New pop-up library ‘rewrites’ Wicker Park


Evan Bell

This Boombox, a repurposed shipping container, is just one example of how Latent Design hopes to utilize and revitalize public spaces. 

By Arts & Culture Reporter

In collaboration with Activate! Chicago, a City of Chicago initiative, and Latent Design, an urbanism firm, Read/Write Library is staging “Rewritable Wicker Park,” a pop-up library located at 1260 N. Milwaukee Ave. 

The purpose of Read/Write, which will celebrate its 10th anniversary in 2016, has been to collect amateur and professional media chronicling the evolution of Chicago without making judgments about content or timeliness, according to Read/Write Library founder and executive director Nell Taylor. 

“There’s incredible stuff out there that is essential to a community’s history and people’s lives that is amazing on its own terms,” Taylor said. “The goal is to help people understand the stories of their neighbors better, through having access to and preserving these publications.”

Taylor added that most of what Read/Write houses at its main location, 914 N. California Ave., has been collected through grassroots efforts to curate and document Chicago’s history, with minimal searching being done by Read/Write’s volunteers.

The pop-up began Nov. 7 and is scheduled to run through Nov. 29. The library houses media including collections from nearby 826CHI, a nonprofit writing tutoring program, and handwritten poems from Oba Maja, a prominent Wicker Park figure who sold his poems for $1 in Wicker Park until his death on Oct. 16. 

Read/Write pairs with art organizations to ensure that what they present in their programs reflects the true identity of the areas because the diversity of Chicago is so rich, Taylor added.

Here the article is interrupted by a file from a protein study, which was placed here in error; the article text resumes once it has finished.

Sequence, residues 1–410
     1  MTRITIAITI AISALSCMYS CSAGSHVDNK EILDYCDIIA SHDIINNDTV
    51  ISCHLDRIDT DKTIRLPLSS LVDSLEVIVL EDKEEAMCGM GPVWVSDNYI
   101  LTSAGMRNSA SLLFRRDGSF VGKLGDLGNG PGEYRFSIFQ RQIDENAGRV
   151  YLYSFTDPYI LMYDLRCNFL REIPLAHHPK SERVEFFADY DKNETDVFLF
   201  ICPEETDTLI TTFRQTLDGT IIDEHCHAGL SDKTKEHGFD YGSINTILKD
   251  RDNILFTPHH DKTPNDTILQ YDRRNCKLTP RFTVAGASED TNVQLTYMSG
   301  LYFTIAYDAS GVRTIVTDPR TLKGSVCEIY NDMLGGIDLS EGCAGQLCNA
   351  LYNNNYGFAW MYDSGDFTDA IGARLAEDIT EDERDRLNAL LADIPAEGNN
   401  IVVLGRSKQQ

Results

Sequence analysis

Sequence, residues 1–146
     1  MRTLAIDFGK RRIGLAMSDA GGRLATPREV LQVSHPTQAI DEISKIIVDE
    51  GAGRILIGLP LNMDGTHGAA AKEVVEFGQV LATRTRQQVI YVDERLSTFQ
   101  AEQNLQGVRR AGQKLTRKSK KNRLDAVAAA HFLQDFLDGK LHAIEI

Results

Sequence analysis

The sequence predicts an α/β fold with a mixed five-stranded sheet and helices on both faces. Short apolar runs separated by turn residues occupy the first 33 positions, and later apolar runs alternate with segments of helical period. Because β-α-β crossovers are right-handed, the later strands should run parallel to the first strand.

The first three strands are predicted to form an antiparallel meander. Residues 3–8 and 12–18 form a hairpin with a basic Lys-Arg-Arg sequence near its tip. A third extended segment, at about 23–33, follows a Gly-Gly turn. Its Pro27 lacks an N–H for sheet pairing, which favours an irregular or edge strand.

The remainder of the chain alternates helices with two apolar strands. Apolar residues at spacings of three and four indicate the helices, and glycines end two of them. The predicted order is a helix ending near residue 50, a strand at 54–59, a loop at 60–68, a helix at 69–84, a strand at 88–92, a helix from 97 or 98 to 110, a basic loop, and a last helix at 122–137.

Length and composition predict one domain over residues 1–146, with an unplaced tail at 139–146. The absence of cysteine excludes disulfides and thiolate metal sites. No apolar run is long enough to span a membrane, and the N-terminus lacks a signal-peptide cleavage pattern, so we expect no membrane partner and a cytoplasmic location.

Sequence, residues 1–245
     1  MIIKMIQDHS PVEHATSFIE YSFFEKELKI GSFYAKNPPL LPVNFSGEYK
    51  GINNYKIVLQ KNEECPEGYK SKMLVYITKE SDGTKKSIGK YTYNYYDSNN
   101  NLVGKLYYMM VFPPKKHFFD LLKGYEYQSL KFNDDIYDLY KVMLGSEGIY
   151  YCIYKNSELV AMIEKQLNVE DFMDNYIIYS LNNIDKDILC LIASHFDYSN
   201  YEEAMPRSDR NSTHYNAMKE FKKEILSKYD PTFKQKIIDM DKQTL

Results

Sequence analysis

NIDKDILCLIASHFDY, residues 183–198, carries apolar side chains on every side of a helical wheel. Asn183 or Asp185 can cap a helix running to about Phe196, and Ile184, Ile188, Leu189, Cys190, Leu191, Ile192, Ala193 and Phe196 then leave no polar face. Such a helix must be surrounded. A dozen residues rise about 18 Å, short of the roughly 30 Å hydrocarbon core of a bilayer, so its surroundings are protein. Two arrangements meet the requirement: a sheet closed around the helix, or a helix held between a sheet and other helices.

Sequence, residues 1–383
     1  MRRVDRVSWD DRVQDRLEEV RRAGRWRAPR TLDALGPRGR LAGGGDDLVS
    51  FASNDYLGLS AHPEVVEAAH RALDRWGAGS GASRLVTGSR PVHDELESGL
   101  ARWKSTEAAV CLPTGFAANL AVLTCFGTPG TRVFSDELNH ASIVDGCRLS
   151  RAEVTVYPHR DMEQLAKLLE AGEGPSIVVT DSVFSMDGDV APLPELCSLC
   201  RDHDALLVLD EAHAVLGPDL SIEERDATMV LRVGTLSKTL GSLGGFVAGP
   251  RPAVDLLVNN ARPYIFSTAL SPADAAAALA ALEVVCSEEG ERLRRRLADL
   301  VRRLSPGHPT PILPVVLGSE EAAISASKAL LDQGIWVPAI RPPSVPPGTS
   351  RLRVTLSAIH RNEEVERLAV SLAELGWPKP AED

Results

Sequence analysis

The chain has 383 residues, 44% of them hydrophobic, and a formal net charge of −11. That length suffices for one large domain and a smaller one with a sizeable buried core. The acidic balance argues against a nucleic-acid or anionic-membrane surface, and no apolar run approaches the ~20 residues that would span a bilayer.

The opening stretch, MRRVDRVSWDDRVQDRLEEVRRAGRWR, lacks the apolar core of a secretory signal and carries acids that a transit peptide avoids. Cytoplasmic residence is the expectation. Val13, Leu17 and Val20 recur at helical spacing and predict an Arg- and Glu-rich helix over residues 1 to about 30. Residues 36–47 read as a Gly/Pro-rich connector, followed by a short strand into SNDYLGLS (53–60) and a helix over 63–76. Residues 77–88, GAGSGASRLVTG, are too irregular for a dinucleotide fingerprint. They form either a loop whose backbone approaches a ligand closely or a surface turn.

“Doing these pop-ups in different communities [allows for flexibility],” she said. “Whether we are doing it in Wicker Park or other neighborhoods, each is different.”

The library is housed in a small kiosk called the Boombox, a repurposed shipping container designed by Latent Design, as part of the Activate! Chicago initiative, which is centered on using public space as a “catalyst for community connectivity, local entrepreneurship and civic innovation,” according to Activate! Chicago’s website. 

Katherine Darnstadt, principal architect and founder of Latent Design, said the idea for the Boombox came from observing how other cities used pop-up retail to help small businesses change the retail world. 

“There is a huge gap within how small businesses have access to capital…. It’s showcasing the diversity of businesses that could use [spaces like this],” Darnstadt said, adding that Latent Design  hopes the Boombox will house museums as well.

She added that she hopes to create a larger conversation about how underutilized public spaces are compared to park spaces through developing built environments such as the one currently housing the library, as well as the Boombox structure itself.

“We have to bring awareness,” Darnstadt said. “We had to revamp and write new ordinances for something to exist like this, [something] that changes the built environment and makes it accessible for people.”

The Boombox structure is available to rent for the next three years, and is flexible for student use, including galleries or showcasing student work in other capacities, Darnstadt said. 

The pop up has special programming on weekends including workshops dealing with curating family and community history. 

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